Data Utopia – steps to reality

What is a data driven organisation? Getting a bunch of reports delivered to business users in the organisation or building some beautiful looking dashboards that executives have access to is just a start. The next step of using the data and insights to support any decision taken within the organisation seems to be a step too far for most companies.

So how do you go from let’s create reports of what happened in the past to let’s take decisions only when we have modelled them mentality.

Avoid the buzzwords and keep it simple

First and foremost, please avoid the likes of Big Data, Data Lakes, Master Data, Enterprise Data Warehouse. Let the business and not IT buzz words drive the change. In my prior corporate career as a Management Consultant and heading up BI in large organisations, I have been guilty of such buzzword overload myself. Please don’t get me wrong, I am not saying this was intentional. But when you have a task in hand, everyone starts with potential solutions they are used to and have expertise in.

If you get down to the basics, every decision you take has options and outcomes of these options. Let’s for a minute forget the fact that there are calculations (both hypothetical and real) using data points that affect these options. So in a simple world, you need a framework to identify what the potential options are and score these options based on perceived outcomes. Once you determine the scores, it is easier to decide what option to go for. What technology you build this framework is immaterial, spreadsheets, bespoke IT application, piece of paper or a collaborative decision modeller (disclaimer – DataQuarks is building one on the cloud, so definitely I am biased as to what the best framework is, but opinions differ).

Build a workflow around this framework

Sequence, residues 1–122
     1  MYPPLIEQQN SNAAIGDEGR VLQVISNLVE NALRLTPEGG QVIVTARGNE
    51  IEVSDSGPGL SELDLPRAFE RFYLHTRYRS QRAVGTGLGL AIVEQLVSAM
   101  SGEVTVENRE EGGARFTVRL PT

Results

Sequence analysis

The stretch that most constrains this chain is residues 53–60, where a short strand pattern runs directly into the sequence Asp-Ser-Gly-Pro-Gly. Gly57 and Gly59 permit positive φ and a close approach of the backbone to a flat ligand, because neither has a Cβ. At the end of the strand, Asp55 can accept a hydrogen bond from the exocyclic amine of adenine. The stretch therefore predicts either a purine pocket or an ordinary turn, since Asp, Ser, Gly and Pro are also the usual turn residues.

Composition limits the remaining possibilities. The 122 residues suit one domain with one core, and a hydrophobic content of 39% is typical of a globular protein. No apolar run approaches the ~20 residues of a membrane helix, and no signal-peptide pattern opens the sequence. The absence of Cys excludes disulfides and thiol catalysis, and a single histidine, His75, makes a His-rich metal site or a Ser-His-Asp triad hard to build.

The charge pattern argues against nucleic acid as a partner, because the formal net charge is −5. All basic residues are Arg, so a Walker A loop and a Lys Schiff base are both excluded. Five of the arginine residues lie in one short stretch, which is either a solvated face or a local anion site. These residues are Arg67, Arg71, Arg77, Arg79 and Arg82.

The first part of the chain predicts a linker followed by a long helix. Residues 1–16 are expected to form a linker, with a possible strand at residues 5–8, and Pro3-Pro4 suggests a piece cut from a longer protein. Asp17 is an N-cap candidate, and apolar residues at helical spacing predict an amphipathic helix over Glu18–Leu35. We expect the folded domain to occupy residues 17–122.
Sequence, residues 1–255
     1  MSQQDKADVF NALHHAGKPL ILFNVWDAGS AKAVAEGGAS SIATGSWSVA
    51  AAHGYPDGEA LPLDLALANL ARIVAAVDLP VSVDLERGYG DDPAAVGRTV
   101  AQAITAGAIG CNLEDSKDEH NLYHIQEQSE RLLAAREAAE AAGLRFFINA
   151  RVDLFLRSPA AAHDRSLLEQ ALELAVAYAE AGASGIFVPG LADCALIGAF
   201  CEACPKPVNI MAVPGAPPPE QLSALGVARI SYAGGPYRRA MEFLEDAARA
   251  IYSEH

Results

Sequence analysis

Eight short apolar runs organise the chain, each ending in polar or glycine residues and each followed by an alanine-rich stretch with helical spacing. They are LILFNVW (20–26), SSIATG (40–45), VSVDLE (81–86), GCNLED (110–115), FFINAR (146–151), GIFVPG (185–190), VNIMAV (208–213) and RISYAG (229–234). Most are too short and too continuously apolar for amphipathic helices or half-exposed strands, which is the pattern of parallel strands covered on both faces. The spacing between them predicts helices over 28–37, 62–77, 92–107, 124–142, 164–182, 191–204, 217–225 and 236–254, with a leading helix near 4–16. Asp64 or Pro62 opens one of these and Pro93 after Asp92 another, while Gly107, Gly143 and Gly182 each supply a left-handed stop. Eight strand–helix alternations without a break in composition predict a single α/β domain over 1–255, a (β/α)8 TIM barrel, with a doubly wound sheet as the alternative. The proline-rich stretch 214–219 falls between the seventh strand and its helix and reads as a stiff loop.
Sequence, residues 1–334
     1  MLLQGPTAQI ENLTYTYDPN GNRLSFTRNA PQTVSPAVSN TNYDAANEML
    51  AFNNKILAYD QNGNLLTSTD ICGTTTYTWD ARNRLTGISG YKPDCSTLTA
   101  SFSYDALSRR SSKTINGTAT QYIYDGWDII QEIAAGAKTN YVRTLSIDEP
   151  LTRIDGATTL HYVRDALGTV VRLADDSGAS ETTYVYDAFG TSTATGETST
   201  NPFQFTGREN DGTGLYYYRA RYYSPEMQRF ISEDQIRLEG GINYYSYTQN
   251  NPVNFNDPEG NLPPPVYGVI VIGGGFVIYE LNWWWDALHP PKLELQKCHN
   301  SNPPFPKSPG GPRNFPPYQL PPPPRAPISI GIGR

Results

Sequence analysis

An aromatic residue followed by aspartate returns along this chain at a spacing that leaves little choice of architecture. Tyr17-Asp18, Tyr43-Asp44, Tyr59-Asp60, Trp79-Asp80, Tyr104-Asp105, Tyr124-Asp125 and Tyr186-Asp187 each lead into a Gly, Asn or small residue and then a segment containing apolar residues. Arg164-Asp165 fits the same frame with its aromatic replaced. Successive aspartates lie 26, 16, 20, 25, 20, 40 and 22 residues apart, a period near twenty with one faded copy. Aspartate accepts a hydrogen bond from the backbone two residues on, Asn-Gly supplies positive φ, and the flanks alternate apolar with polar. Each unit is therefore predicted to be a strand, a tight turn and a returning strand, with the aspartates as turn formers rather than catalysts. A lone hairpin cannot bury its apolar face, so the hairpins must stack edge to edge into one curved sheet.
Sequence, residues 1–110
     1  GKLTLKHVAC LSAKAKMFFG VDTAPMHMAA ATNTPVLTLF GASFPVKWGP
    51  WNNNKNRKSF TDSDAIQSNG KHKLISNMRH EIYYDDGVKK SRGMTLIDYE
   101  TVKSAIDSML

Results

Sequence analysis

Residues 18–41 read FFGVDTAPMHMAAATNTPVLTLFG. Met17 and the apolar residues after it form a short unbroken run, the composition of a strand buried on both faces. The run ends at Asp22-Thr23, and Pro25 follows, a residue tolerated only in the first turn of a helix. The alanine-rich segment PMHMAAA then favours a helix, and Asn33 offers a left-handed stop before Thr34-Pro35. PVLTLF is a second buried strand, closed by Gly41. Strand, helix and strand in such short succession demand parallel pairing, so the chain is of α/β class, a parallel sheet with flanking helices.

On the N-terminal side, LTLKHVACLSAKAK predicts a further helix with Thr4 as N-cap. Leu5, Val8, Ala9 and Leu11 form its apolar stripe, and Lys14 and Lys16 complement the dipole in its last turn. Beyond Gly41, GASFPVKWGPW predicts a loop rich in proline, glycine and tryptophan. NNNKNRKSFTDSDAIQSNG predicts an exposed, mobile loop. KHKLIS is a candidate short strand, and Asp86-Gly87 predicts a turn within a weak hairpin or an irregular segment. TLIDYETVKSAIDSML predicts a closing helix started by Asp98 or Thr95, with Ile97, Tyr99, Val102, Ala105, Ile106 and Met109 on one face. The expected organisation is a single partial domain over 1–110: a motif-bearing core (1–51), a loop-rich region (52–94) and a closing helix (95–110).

Having a framework and building models alone won’t take you down the data driven culture. How many times have we seen spreadsheets languishing in shared network folders or circulated using email chains without anyone even opening them? Get the people involved to talk to each other on the data, models, outcomes, business rules, dashboards, charts. Enable a notification mechanism to alerts stakeholders when new data is being added, new models are created, new outcomes have been calculated.

Can’t help at this point but to quote my all time favourite band, ‘Pink Floyd’ and the song ‘Keep Talking’. It starts with how imagination of the mankind was unleashed when we started talking. Applies in the corporate world too!

Unless your models are incorporated into the workflow of decision making process and get all the relevant stakeholders to sign-off the model, it is difficult to drive this cultural change. No sign-offs means no decisions right? Steering committees, PMO, board meetings, senior executives meeting whatever is your ultimate decision point, when the head honchos are on board with this decision making process, the middle management involved would eventually give up the resistance and embrace the process.

Business language only please

So you want the executives to decide only after modelling the outcomes and middle management to own the models. This is possible only if the models are communicated using business language. You are not going to get the Managing Director or a CFO to open a 10 MB Excel file, modify some variables to see the impact? Definitely you wouldn’t expect this to happen during a high level executive meeting with a definite time deadline and agenda in mind.

So one common approach is to build the models in spreadsheets, explain them using PowerPoint presentations and distribute using email chains. This will work, but is there a better way to achieve the same result with better efficiency. If they don’t understand the model, there is going to be delays in the approval process and eventually in making those decisions. Can we communicate with each other and incorporate workflow process and sign-off procedures in a simpler fashion.

What if the models themselves are built using natural business language. What if the executives can visualise the outcomes, view the definitions and communicate with analysts and other decision makers using the same platform? What if the workflow status is tracked in the platform itself?

Senior executives depend on their gut feeling to come up with strategic vision and decisions. With a little help from scenario modelling and collaboration, they can support their decisions with numbers that matter.

PS

You may wonder, what does this picture have to do with the topic? Hey when I started thinking about Utopia, first thing that came to my mind is the beautiful English country side on a warm summer day. What better way to portray the concept of Utopia than a famous John Constable painting of Suffolk countryside.

 

 

Image credit – Willy Lott’s Cottage by Matthew Kirkland on Flickr